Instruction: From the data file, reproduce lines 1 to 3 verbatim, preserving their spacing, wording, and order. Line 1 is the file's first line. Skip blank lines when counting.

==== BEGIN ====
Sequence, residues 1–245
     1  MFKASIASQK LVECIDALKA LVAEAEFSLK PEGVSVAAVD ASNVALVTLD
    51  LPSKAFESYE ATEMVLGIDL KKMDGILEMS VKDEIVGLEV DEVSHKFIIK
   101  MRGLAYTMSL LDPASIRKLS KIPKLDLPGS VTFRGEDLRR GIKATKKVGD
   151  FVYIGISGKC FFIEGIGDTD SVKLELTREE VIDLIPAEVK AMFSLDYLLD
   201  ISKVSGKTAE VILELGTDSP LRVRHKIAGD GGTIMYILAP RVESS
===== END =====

Sequence, residues 1–245
     1  MFKASIASQK LVECIDALKA LVAEAEFSLK PEGVSVAAVD ASNVALVTLD
    51  LPSKAFESYE ATEMVLGIDL KKMDGILEMS VKDEIVGLEV DEVSHKFIIK